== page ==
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ASP.NET Page_Load Event and AJAX

This ASP.NET article shows how to use JavaScript, AJAX and C# code-behind together.

Page_Load. The Page_Load event handler works with AJAX.

We use ASP.NET code-behind with the C# language. We implement AJAX with JavaScript. The browser sends messages to the server—and the ASP.NET code-behind responds.

AJAX. First, when you create a new AJAX or ASP.NET page, it will have a Page_Load function in the code-behind file. This is run each time a POST or GET message is sent to it. Your .aspx page can be conditional.

And: The file can return return the starting markup file, or any data it wants to in response to an XMLHttpRequest.

HTML page with AJAX code

<script type="text/javascript">
var request;

// A
// Called when the user submits the form.
// This example uses POST.
function submitCallback() {
    var inputValue = document.getElementById("SearchInput").value;
    var sendStr = "name=" + inputValue;
    request = new XMLHttpRequest();

    // B
    // Specify the POST method and send it."POST", "Default.aspx");
    request.onreadystatechange = readyCallback;
    request.setRequestHeader("Content-Type", "application/x-www-form-urlencoded");
    request.setRequestHeader("IsLookup", "true");

We use the HTTP POST action, but you may want to use GET, which I show further down. Make a custom function that is activated by the user clicking or whatever. Here is the JavaScript, which you can put in the <script> block.

Steps in the code. In part A, submitCallback takes the value of SearchInput. The input is simply a regular HTML element with an ID in the page. It has a real HTML ID and not an ASP.NET server ID.

Remove ID

Note: SubmitCallback builds a special string for the server that contains "name=" at the front.

In part B, it uses XMLHttpRequest. SubmitCallback sets up the XMLHttpRequest. The XMLHttpRequest uses a POST to the current page, Default.aspx. XMLHttpRequest content type is set to a standard format. The request is posted.

Header: A special header is sent with the POST request to the Default.aspx page. This header can be called anything—I use "IsLookup".

And: The value can be set to something like "true". This tells the aspx .cs file that this is a special IsLookup request.

Event handler. Here we look into Page_Load in the code-behind file of this page. This code is written in the C# programming language. The Page_Load method is always executed, even in POST requests. After the event handler there is an explanation.

Page_Load method implementation: C#

// This is part of the C# code-behind file.
protected void Page_Load(object sender, EventArgs e)
    // If this is a special IsLookup request, then we need to run different
    // code than we usually do.
    if (Request.Headers["IsLookup"] != null)
	// Get the name part of the message sent.
	string nameStr = Request.Form["name"];

	// Just respond with an example string.
	string res = ProcessString(nameStr);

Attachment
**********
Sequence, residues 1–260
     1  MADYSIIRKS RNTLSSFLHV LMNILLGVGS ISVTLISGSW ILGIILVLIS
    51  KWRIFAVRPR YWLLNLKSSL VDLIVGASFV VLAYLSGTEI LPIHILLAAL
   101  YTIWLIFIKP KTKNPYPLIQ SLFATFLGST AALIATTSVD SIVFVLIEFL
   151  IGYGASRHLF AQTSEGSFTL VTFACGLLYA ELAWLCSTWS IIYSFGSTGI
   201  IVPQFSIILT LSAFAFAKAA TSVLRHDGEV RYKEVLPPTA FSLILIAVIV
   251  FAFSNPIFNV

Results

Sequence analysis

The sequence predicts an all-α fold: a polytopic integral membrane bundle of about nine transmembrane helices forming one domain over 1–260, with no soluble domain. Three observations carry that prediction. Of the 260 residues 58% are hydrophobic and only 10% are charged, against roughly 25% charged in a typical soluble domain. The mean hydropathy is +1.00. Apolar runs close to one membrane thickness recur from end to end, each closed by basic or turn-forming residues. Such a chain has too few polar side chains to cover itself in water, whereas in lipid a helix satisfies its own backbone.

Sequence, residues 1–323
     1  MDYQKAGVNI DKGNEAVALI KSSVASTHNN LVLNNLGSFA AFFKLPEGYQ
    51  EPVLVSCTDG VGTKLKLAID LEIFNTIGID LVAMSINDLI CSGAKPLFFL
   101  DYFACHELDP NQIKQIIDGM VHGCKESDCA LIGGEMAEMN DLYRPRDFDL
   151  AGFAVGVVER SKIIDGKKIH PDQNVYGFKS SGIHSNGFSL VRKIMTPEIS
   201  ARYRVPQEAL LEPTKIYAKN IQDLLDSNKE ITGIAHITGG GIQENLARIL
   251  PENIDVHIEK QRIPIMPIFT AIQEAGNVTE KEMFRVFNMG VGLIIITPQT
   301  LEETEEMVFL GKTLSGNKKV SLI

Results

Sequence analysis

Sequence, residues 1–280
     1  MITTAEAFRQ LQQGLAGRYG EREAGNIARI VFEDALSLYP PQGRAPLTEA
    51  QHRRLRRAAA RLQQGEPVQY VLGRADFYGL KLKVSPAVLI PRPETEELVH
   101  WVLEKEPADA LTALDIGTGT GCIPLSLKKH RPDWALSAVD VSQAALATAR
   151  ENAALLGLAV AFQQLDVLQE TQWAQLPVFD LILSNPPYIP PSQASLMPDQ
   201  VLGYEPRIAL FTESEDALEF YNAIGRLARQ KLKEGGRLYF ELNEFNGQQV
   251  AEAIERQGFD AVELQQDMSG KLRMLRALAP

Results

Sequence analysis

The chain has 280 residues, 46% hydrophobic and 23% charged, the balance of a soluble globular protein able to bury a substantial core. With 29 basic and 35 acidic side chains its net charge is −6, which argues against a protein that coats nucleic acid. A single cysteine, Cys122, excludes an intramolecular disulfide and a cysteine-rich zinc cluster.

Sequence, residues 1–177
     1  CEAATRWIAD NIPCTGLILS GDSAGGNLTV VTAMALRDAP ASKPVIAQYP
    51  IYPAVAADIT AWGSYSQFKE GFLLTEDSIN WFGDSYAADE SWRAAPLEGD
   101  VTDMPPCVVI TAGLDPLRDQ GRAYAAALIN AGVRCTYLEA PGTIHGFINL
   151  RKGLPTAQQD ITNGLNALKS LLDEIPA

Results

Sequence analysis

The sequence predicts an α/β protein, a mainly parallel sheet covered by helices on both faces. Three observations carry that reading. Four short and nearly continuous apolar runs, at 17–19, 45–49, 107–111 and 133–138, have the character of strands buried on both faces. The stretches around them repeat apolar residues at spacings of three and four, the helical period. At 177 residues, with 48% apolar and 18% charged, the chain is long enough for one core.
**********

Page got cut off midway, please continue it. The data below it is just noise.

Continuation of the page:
The above code checks to see if the IsLookup header is set. That header was set in the submitCallback function in JavaScript. If IsLookup is not null, we received an AJAX request from the page.

And: We are not going to return the page's markup file, but rather a string the AJAX page requested.

POST form. Please look at submitCallback() again. It does this: it takes the value of the search box, and makes a special string out of it. Right here is the code that builds the POST string.

Example JavaScript code

// This is the JavaScript code that builds up a proper form
// POST string, that we can use in C# as Request.Form["name"].
var sendStr = "name=" + inputValue;

Value sent by JavaScript from the client


ASP.NET reads it like this

string nameStr = Reqest.Form["name"];

Query strings. HTTP GET is a way to request a page based on a query string. Query strings are supported by ASP.NET. The syntax is a little different from post. Here is the JavaScript that sent the request we receive in the Page_Load event below.

JavaScript code that implements GET

// JavaScript function to run that will call into the above Page_Load
// event, where we can deal with it in C#.
// This should be called by the HTML in the page on some event, such as onclick.
function submitCallback(inputValue) {
    var lower = inputValue.toLowerCase();

    request = new XMLHttpRequest();
    request.onreadystatechange = readyCallback;

    var loc = "?word=" + encodeURI(lower);"GET", loc);


Code-behind. We put this code in a code-behind file in ASP.NET that will receive the above GET request from the JavaScript code. It is in the Page_Load event, just like everything else.

Page_Load method that accesses query string: C#

protected void Page_Load(object sender, EventArgs e)
    // Here is an example of an aspx page being loaded with
    // a GET HTTP request. We can use the QueryString
    // collection on the Reqest.
    string wordStr = Request.QueryString["word"];
    if (wordStr != null)
	// The query string "word" is there. Do something with it.

Frameworks. Developers usually decide to use an AJAX framework after they feel comfortable with the basics. Frameworks such as JQuery now offer more advanced user interface and application effects.

Warning: The JavaScript code here fails on old browsers. All current versions of browsers support native XMLHttpRequest objects.

Summary. We looked at using the ASP.NET server-side C# code with JavaScript on the client in an AJAX project. Now we have an .aspx page posting to itself, and the Page_Load event in the code-behind can check for AJAX requests and respond.

Review: This shows you how to link the world of C# with that of Firefox, Safari, Chrome and Internet Explorer.